Personally, I prefer the likes of all the strong, feminine women in my life - my heroic great-grandma, my truly genteel (and yet courageous) mother, my graceful and elegant wife - none of whom felt the need to be validated by a crutch like sports in order to "discover" their "self-worth." They already had it. They knew (and know) they are loved, valued, and are capable of anything.

Funny, all of these women exude(d) self-confidence, and never had to play a sport to learn to have self-confidence, trust, teamwork, etc.

That *lack* of self-confidence among many girls these days (and the need to get it artificially through sports), seems to be the *real* problem. Why must a girl "validate" herself on the athletic field? Maybe that athletic idealism is contributing to the *lack* of self-esteem on the part of girls who can't (or don't even want to) punt, pass, or kick.

Thanks for getting the gears turning on this issue for me once again. This is worth further exploration. Thanks for writing!

Coach said...

Wow. Such a long discourse, such little substance.

"In fact, Christian women did not play competitive sports for some 19 centuries."

In fact, NO ONE played competitive sports for some 18 centuries. Men's sports began in the 1800's. Team sports around the turn of the 20th century (give or take a decade for the sport of your choice.)

Are sports over emphasized? Yes. Are there excesses? Yes. But name an area of life where the fringes don't go to excesses.

Your fringe is one I just don't understand how you got to. I don't understand a lot of your arguments.

"He (Jesus) never promises to be present for you in a particular game that you like to play." Funny, I thought He promised to be with me always.

"There is no doubt that girls today are far more violent, vulgar, and crass than ever before ..." And you can not say the same about boys?

"I had students who literally slept in the classroom, but never missed a practice. It's simply a matter of priority." It was a matter of priority, the student/athlete was more interested in practice than your class. Maybe practice was more interesting than your class.

Sports, for boys & girls, men & women, can teach valuable lessons, provide an avenue for building up one's body and spirit. There are other activities that can do the same, but sports are, in my opinion, a better way to learn the lessons.

Sports, for boys & girls, men & women, can be an avenue for people to overreact, act out and take things to an extreme. There are other activities that can do the same, but sports are, in my opinion, one of the most popular ways to demonstrate these negative behaviors.

To say sports should not be for women is a very narrow-minded outlook.

Lydia said...
This comment has been removed by the author.
Lydia said...

I agree with what Coach posted.
I am an 18-year-old female, and continuing my softball career at a division I school. It is a privilege to continue my career in college, and the scholarship I am receiving is allowing me to attend a private school that I would not have otherwise been able to afford. As to the argument that colleges stress sports over academics, the university I will attend emphasizes the importance of academics over athletics. If I would have a class scheduled for the same time as practice, I would go to my class.
Throughout high school I have maintained a 4.0 grade point average and played softball and volleyball every year. I have noticed that most of the female athletes I play with also earn at least above average grades. In fact, many of my teammates earn higher grades in season than out of season because they are being forced to manage their time better.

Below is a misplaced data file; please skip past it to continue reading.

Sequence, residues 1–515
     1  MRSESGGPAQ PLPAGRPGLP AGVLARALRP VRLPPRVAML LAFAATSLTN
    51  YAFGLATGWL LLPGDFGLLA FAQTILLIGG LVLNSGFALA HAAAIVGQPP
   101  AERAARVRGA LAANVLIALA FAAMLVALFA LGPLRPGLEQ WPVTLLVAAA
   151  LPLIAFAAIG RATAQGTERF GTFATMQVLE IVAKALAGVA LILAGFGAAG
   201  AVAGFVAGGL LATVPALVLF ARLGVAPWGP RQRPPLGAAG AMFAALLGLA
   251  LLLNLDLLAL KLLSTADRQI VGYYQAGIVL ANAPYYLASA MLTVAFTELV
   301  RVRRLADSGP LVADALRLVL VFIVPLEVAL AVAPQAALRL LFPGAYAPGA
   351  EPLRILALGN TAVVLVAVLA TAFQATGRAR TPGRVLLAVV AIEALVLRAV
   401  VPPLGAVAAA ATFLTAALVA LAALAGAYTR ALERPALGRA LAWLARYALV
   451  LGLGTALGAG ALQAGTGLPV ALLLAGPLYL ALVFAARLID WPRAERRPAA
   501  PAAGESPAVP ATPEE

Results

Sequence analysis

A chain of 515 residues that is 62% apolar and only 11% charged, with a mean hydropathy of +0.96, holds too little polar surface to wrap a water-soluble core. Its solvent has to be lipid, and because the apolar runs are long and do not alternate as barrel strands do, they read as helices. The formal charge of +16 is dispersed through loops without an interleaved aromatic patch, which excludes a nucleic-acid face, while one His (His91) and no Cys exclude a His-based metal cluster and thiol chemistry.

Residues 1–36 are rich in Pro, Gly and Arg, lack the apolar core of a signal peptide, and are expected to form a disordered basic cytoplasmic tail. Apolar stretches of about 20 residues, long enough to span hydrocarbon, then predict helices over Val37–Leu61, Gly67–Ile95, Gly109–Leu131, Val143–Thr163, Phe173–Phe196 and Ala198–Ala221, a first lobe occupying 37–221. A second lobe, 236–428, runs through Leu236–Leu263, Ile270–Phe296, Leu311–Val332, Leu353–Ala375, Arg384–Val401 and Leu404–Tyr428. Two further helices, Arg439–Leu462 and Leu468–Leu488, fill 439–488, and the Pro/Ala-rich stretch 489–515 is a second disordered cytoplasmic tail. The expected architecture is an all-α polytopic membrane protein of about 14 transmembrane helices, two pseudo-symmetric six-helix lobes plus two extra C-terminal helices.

I feel that sports have helped me maintain my values and overcome peer pressure. I have never performed sexual activities or drank alcohol. Playing sports has given me a positive body image. I don't feel the need to dress promiscuously and I love knowing I am capable of defending myself.
Because of softball I have learned how to be disciplined and perseverant-hitting is a very difficult thing to learn. I have learned to sacrifice myself to move a runner over. I have learned to remain respectful and hustle off the field when an umpire calls "strike three."
I think sports teach girls self-respect and independence, qualities that are usually lacking in women with low moral standards. It is important to teach girls that their self-worth doesn't depend on their appearance, rather it depends on what goals they set and achieve in their lifetime.
Father Hollywood, the relationship between you and your wife sounds wonderful and full of respect. I don't doubt that you give up something for her as she does for you, but what is it? I agree with you that a child is most likely better off growing up with a parent around, but it almost sounds like you think a wife’s sole responsibility is to take care of the home and her children and do what the husband thinks necessary.
Also, male and female is something that one can be born with, however masculinity and femininity are gender roles prescribed to males and females by society. You must first define femininity before you state that women are becoming increasingly un-feminine. If you mean that women are more self-sufficient and more active members of society, then this is a positive. If you mean that they are wearing pants instead of skirts and t-shirts instead of blouses, what loss is that to society? Is it wrong for women to focus on things other than “grace and beauty”? Is it wrong for women to have no desire to sit on the sidelines? Simply because competitive sports are fairly new for women doesn't mean that they wouldn't affect women in a positive manner. New isn't always bad. And I promise you that a little competition won't damage our "feminine graces" one bit.

Steve55 said...

Social psychologist Jean Twenge states in her writings that women who participate in competitive sports develop masculine traits. I can see that in some ways sports may help develop certain positive traits for all who play (male and female) but the price that women pay for it is losing their femininity. Jean Twenge goes on to further state that today, women score equal to men on masculinity testing. Here Is her quote:

: "The average 1990's college women reported more "masculine" traits than 80% of Boomer college women in the early 1970's. The change was so large that by the early 1990's men and women's scores on the scale of so called masculine traits were indistinguishable. The generational change in masculinity had turned the very definition of the scale on its head: clearly these traits were no longer masculine, but simply human" (Generation Me, pg 12)